Denali Ingredients facility in New Berlin, Wisconsin
Part one of Denali Ingredients' renovation includes a new innovation center in New Berlin, Wis.

NEW BERLIN, WIS. — Denali Ingredients, a supplier of chocolate coatings, fudge sauces, powders, fruit variegates, stabilizers, extruded products, flakes and other ingredients for the dairy, ice cream, bakery and food service industries, has expanded its 40-year-old facility in New Berlin. The company said it invested $5.5 million toward a complete re-facing of the exterior facade as well as interior renovations intended to support Denali’s growth in the United States.

The $5.5 million investment is part of a larger $12 million investment Denali has planned for the location. The company said the decision to expand has been driven by ingredients production that has more than doubled in the past decade, sales revenues that have more than tripled since Denali took over, and staff that has tripled since Denali first acquired the facility in 2006.

“Our vision is to become the go-to ingredients supplier for innovative products and solutions,” said Neal Glaeser, president of Denali Ingredients.

Phase one interior renovations included a new innovation center to foster research, development and creative flavor collaboration with industry partners, as well as a pilot laboratory where Denali is able to simulate full-scale manufacturing of new concepts. Additionally, new production lines and capabilities have been added, and administrative office space has been expanded, the company said.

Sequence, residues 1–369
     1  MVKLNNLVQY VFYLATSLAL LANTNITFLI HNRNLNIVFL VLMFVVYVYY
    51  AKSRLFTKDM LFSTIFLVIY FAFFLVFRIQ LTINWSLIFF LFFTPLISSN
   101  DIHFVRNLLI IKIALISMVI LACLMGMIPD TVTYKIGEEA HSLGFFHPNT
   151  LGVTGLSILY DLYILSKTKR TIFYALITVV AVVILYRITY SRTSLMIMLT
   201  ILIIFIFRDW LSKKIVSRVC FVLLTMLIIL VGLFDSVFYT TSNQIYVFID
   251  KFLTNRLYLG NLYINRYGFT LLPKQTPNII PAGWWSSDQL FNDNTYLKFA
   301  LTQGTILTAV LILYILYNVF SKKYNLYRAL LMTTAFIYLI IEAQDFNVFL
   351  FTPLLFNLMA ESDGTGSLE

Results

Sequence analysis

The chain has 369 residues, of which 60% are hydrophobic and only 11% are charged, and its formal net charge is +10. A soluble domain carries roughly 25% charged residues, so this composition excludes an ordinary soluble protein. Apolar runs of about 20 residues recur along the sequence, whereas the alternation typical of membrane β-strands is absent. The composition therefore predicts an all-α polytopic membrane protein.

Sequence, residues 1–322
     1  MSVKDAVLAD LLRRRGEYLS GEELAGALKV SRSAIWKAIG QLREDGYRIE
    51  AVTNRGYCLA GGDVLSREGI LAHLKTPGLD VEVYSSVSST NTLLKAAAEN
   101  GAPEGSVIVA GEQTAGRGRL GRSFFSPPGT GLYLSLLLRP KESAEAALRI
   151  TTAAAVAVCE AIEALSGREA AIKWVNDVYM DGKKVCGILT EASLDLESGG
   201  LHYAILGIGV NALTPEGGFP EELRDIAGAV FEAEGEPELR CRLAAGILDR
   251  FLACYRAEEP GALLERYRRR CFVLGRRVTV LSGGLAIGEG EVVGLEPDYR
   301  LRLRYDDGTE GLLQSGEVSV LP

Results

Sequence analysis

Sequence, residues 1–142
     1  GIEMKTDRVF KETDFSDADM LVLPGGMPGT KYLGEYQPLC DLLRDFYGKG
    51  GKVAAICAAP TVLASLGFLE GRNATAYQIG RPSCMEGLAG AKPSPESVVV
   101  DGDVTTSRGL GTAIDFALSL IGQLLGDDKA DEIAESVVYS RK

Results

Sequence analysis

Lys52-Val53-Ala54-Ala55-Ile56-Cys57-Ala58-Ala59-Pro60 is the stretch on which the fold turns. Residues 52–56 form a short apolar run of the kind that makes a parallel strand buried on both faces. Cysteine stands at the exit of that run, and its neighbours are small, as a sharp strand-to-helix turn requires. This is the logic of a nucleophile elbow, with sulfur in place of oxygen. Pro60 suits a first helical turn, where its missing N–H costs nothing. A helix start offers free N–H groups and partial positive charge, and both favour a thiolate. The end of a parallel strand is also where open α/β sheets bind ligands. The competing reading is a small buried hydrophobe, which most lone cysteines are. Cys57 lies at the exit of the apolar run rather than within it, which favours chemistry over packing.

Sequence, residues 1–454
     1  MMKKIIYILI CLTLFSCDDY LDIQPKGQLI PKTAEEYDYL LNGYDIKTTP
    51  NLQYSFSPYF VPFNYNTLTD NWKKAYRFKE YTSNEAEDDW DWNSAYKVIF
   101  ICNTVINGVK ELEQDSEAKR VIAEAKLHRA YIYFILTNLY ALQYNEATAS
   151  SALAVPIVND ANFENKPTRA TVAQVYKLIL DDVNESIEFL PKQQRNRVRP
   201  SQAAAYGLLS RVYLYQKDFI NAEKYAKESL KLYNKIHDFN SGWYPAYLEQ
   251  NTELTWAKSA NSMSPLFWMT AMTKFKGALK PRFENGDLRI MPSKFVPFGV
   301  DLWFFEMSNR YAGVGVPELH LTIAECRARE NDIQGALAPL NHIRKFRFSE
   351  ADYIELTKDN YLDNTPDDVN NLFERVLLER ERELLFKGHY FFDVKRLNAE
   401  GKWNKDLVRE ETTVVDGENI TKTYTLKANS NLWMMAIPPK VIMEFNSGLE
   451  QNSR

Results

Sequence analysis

Denali plans to invest another $6 million in its second phase of expansion over the next 24 months, a move that will add new production capabilities and seed another 40-50 new jobs.

“We’re investing at a time when many in our industry are moving in the other direction,” Mr. Glaeser said. “It’s an opportunity for us to get closer to the consumer and to play a larger role in our customer’s own R.&D. efforts as true collaborators. Ultimately, the entire industry benefits when these new flavors and concepts become mainstream trends in the grocery aisle.”